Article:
London called and London enthralled – Comaskey Properties

It is never too late to change. No matter how long it takes, when I discover I am wrong about something, I change my mind.

Having spent most of last week in London for the Olympics it hit me like a bolt (of the Usain variety) as to how a prejudice can be sustained and nurtured when it is never questioned – but more about this earth shattering revelation anon.

Now to the games themselves: I didn’t get to see Katie’s golden gloves live, nor any of John Joe’s bouts. Tickets were harder to come by then they were in Beijing – or I didn’t go about it the right way in time. But thanks to London banker, Garvan Smith, who worked his student holidays for us in Spain, I was in the Excel arena when Paddy Barnes secured his bronze medal. Paddy made history with his consecutive medals and so did I because I was ringside that night in Beijing as well. His was the first photo I winged back to the Westmeath Examiner from China; in what turned out to be pretty exclusive dispatches at the time for just being lucky enough to be in the right place at the right time.

What an incredible Disney-like atmosphere engulfed London for the duration. The name Katie Taylor was rolling off everyone’s lips, even to the normally stiff upper variety of the underground train announcers and we were all insane with pride. And speaking of pride, I do not have the vocabulary or literary skills to add anything to all the good things written about our Irish competitors, especially our local hero. We wrote four years ago from Beijing that as well as having a unique boxing talent, John Joe Nevin, The Westmeath Wondrous Walloper, is a fantastically nice guy and a great Mullingar ambassador – and that line is worth repeating here.

Like the Chinese in Beijing, Londoners really pulled out all the stops. But this was different; this was our good neighbours inviting us to their party. We were greeted with incredible friendliness everywhere we went; even to volunteers handing out free bottles of water and ice-pops. Mind you, this English generosity of spirit did have a devastating effect on me in one instance: Standing on a crowded tube I noticed this attractive young lady eyeing me up and down. ‘You haven’t lost it Bernie’, I thought to myself. Our eyes met as she stood up to speak to me. I wondered how good her chat-up line might be and how would be my witty comeback. Her words when they did come, rocked me to me core: “Would you like to sit down, Sir”!!

The Irish were everywhere in their green tops and county colours. This trend of wearing the county jersey has become a novel expression of identity and is conducive to pooling of support and a certain conversation opener, if often of the slagging variety. The world is getting smaller and I bumped into the family of Irish Athletic Team Manager, Patsy McGonagle, on London Bridge and got a shout from Cork’s Carmel and Sean Curtin on the way into the arena: All known from Paddy’s Point.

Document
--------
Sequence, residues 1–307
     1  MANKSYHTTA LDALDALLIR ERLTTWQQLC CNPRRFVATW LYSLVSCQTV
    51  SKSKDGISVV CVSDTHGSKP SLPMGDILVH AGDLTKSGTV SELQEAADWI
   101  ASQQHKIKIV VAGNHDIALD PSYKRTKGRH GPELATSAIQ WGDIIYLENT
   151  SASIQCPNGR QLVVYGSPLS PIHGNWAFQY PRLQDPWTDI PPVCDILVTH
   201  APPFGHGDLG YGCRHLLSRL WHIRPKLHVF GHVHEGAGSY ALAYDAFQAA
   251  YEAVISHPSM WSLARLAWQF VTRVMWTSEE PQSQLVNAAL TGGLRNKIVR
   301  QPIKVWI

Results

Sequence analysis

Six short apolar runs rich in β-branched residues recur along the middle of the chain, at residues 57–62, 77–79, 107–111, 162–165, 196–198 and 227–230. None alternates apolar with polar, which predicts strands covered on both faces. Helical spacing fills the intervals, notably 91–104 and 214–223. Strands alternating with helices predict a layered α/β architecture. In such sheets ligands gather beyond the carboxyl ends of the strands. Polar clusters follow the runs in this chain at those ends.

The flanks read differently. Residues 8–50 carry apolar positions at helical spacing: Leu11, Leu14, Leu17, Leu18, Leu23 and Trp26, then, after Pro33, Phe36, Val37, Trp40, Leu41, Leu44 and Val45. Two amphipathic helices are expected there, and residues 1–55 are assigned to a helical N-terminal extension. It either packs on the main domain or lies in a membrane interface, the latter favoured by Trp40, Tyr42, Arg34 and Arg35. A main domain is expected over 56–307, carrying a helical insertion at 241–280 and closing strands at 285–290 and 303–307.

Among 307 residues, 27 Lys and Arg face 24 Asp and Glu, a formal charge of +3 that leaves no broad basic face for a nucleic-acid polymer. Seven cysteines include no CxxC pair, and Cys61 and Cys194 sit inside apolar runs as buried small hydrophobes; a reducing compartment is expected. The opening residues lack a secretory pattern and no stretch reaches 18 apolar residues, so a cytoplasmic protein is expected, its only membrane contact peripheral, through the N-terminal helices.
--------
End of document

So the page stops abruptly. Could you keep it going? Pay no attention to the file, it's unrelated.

There is so much that one could say about the experience that I am starting to ramble, (Now  …now ..!) but I commenced at the outset by stating that I have done a U-turn on one of my longest held attitudes. I’ll come right out and say it in a minute … I just need more time to steel myself.

We blamed the British for a lot of our ills – and with some justification it has to be said, but what we forget is that down through history a majority of their own vulnerable classes of people were treated equally badly. Indeed, this was how business was done across Europe. We don’t have to forget about the famine or the Black ‘n Tans, but it is time to forgive, let go and get over it. What happened to Kevin Barry kept me awake as a child and how we were taught history instilled a belligerent ‘take them on again’ approach to everything to do with our former conquerors.  I told in my book as to how I hated working a couple of years in England in the 1960’s – and it is never easy to change a mindset. We always liked the English as individuals, but hated them as a race.

The English have to be the most tolerant people on earth and some would say too tolerant for their own good. Their country has been good to generations of Irish workers when we had nowhere else to go. (Yes, yes, I know we built their country for them!). There are very few Irish families who don’t have English cousins. Without wishing to sound snobbish; of course there are different ‘types’ of English, the same as all other countries, but we are thinking here of the decent middle of the road men and women we meet. Ok, so they can be a bit patronising sometimes and think they can call us British, but unlike President Kennedy’s ‘Ich bin ein Berliner’ sop to the Germans, I will continue to robustly straighten out anyone who tries to group me or anything Irish as British.

Change has come slowly enough to me. When we respected ‘God save the Queen’ in Croke Park and applauded their rugby team that day, (then kicked the s**t out of them!) I sensed a seismic change afoot. The British Premier, David Cameron apologised for Bloody Sunday and many on this island looked at the plank in their own eye. But looking back it was the visit of the British monarch dat wot done eh to me. After all these years of railing against what Queen Elizabeth stood for, she came to our country and won me over with a  smile nobody knew she possessed and the few words as gaeilge. I fell in love with her majesty.

Now back from the Olympics, one of my abiding memories will be the host country cheering our competitors to the rafters; but more importantly, the Irish reciprocated by cheering home their hugely impressive Team GB. Today we treat each other as equals.

I am about to take a deep breath and say it out loud: … I like England!!! (With profound apologies to my Scottish and Welsh friends).

Written by guest blogger Bernie Comaskey, courtesy of Westmeath Examiner.

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